When you hear the word "visionary," Irma Rombauer is probably not the first person to come to mind. But when Rombauer touted pasta as a "nutritious, inexpensive, and quick meal" in the original Joy of Cooking more than 60 years ago, little did she know what an intrinsic part of America's family menus it would become. This beautiful volume is a welcome reminder that with a little TLC, pasta for dinner can mean so much more than spaghetti and red sauce from a jar. The recipes are adapted from the latest Joy, but enhanced until they're almost unrecognizable, with gorgeous color photographs, tips and beautifully illustrated techniques, and a comprehensive introduction that covers everything from cooking pasta and choosing Italian cheeses to 27 different pasta shapes and the sauces to serve with them.
If you have the time to make it, the chapter on fresh pasta begins with a clear, well-written recipe for Fresh Egg Pasta and then offers variations such as Whole Wheat Pasta and Spinach Pasta. A lesson on rolling, cutting, and shaping follows. Novice cooks need not worry, as more tutorials pepper the pages, such as How to Peel, Seed, and Juice Tomatoes, How to Roast and Peel Peppers, and How to Make Tortellini and Cappelletti. There are also well-explained tips throughout the book, explanations of ingredients--such as capers, Italian and Greek olives, and prosciutto--and minilessons on subjects such as freezing filled pasta.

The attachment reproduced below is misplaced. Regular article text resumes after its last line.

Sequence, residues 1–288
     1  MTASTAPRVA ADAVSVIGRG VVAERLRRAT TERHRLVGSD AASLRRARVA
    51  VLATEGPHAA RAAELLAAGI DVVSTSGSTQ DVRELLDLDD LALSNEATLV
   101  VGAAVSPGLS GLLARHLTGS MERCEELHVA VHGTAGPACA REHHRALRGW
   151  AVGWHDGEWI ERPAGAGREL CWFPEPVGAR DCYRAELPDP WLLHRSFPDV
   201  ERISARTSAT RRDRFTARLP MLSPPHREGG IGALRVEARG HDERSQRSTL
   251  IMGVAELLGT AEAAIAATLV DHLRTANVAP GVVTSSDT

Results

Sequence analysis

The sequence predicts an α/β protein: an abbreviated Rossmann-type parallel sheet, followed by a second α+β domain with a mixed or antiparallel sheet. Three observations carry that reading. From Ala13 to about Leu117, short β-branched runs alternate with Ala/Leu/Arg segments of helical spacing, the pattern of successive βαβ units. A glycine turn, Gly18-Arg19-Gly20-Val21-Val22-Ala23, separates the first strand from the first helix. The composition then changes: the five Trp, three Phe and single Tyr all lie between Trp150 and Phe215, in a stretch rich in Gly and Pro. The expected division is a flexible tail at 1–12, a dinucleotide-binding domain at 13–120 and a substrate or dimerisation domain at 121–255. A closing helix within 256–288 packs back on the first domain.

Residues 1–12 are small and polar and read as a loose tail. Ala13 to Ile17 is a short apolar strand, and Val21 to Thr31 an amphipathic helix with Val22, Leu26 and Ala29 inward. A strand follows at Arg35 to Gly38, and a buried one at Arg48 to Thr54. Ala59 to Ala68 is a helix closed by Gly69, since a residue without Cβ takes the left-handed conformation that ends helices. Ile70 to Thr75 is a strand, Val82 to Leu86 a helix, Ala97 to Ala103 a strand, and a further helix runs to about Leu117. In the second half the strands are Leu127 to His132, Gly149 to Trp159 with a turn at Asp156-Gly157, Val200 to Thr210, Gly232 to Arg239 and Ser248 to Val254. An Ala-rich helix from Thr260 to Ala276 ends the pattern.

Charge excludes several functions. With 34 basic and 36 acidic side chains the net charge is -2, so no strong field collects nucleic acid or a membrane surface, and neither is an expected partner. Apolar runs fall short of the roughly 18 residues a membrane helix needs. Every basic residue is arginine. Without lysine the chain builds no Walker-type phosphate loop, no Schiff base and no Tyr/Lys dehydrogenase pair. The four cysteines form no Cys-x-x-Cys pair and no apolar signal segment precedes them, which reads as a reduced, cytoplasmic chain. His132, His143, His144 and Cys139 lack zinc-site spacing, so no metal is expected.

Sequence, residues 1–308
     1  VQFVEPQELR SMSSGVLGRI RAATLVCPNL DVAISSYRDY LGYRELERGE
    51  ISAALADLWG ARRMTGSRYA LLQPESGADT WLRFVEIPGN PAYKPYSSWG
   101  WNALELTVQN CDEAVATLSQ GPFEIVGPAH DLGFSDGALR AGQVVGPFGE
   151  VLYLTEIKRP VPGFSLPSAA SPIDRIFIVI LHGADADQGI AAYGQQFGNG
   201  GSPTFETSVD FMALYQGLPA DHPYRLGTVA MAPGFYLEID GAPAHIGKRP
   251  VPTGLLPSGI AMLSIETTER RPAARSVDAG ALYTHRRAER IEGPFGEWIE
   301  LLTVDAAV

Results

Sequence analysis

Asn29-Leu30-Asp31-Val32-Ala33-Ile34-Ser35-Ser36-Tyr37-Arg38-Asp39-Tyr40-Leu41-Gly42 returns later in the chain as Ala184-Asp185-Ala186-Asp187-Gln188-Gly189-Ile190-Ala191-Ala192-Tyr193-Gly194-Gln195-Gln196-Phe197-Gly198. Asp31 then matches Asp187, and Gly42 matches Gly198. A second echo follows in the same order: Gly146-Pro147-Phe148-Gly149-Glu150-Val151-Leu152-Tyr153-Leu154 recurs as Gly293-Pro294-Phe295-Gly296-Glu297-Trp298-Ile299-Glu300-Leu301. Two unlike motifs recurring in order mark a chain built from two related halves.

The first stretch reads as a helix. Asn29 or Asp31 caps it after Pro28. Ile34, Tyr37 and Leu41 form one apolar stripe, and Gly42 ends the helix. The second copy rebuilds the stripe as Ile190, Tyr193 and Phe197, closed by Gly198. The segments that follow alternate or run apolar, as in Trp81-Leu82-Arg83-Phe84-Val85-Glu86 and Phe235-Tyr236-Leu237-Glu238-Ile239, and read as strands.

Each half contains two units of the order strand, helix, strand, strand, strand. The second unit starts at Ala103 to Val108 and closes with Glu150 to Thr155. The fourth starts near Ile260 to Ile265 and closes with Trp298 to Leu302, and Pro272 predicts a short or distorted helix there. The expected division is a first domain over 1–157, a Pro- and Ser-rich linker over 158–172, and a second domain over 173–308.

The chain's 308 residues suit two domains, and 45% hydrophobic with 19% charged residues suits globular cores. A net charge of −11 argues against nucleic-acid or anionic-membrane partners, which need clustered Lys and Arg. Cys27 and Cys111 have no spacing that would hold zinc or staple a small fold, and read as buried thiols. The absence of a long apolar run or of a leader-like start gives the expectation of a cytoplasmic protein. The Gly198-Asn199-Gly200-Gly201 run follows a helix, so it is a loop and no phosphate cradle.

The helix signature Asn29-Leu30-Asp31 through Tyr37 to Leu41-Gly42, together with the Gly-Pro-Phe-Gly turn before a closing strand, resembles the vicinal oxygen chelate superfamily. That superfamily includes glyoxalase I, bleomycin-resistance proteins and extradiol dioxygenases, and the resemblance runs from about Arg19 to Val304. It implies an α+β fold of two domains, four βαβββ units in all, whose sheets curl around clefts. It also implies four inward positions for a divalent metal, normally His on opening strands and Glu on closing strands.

But what really sets this book apart are the myriad recipes for quick, nutritious, inexpensive, delicious meals. All our old favorites are included, such as Classic Italian American Lasagne, Tuna Noodle Casserole, and Bolognese Sauce, as are more adventurous dishes like Pastitsio, Roasted Red Pepper and Herb Goat Cheese Lasagna, and Penne with Vodka. A chapter on Asian noodles includes a little taste of everything, with recipes like Shrimp Pad Thai and Spicy Szechuan Noodles. But it wouldn't be Joy of Cooking without homey dishes like dumplings, so the last chapter covers them as well as variations on spaetzle and potato gnocchi. As always, it's the clear, easy-to-follow recipes that make Joy such a joy to use, and such a valuable addition to anyone's kitchen. --Leora Y. Bloom